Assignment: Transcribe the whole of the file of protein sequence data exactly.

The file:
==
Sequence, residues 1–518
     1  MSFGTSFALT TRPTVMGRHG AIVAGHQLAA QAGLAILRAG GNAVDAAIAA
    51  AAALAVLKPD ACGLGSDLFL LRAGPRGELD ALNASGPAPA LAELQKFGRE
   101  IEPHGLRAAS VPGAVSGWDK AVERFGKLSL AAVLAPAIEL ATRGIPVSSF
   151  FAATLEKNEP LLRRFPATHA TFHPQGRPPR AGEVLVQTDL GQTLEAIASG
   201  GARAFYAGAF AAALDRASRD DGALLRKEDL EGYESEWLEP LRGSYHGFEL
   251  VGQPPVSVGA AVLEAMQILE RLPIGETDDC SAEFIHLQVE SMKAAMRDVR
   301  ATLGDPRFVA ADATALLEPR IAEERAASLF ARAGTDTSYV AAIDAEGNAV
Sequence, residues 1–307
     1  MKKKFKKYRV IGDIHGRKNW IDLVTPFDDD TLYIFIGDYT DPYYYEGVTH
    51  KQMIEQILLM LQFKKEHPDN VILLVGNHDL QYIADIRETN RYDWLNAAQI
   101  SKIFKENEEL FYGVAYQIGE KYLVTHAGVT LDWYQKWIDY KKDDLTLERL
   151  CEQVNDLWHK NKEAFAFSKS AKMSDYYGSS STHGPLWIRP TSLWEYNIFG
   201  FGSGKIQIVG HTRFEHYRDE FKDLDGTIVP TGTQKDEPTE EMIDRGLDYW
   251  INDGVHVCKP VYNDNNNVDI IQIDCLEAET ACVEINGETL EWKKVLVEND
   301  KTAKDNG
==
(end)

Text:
Sequence, residues 1–518
     1  MSFGTSFALT TRPTVMGRHG AIVAGHQLAA QAGLAILRAG GNAVDAAIAA
    51  AAALAVLKPD ACGLGSDLFL LRAGPRGELD ALNASGPAPA LAELQKFGRE
   101  IEPHGLRAAS VPGAVSGWDK AVERFGKLSL AAVLAPAIEL ATRGIPVSSF
   151  FAATLEKNEP LLRRFPATHA TFHPQGRPPR AGEVLVQTDL GQTLEAIASG
   201  GARAFYAGAF AAALDRASRD DGALLRKEDL EGYESEWLEP LRGSYHGFEL
   251  VGQPPVSVGA AVLEAMQILE RLPIGETDDC SAEFIHLQVE SMKAAMRDVR
   301  ATLGDPRFVA ADATALLEPR IAEERAASLF ARAGTDTSYV AAIDAEGNAV
Sequence, residues 1–307
     1  MKKKFKKYRV IGDIHGRKNW IDLVTPFDDD TLYIFIGDYT DPYYYEGVTH
    51  KQMIEQILLM LQFKKEHPDN VILLVGNHDL QYIADIRETN RYDWLNAAQI
   101  SKIFKENEEL FYGVAYQIGE KYLVTHAGVT LDWYQKWIDY KKDDLTLERL
   151  CEQVNDLWHK NKEAFAFSKS AKMSDYYGSS STHGPLWIRP TSLWEYNIFG
   201  FGSGKIQIVG HTRFEHYRDE FKDLDGTIVP TGTQKDEPTE EMIDRGLDYW
   251  INDGVHVCKP VYNDNNNVDI IQIDCLEAET ACVEINGETL EWKKVLVEND
   301  KTAKDNG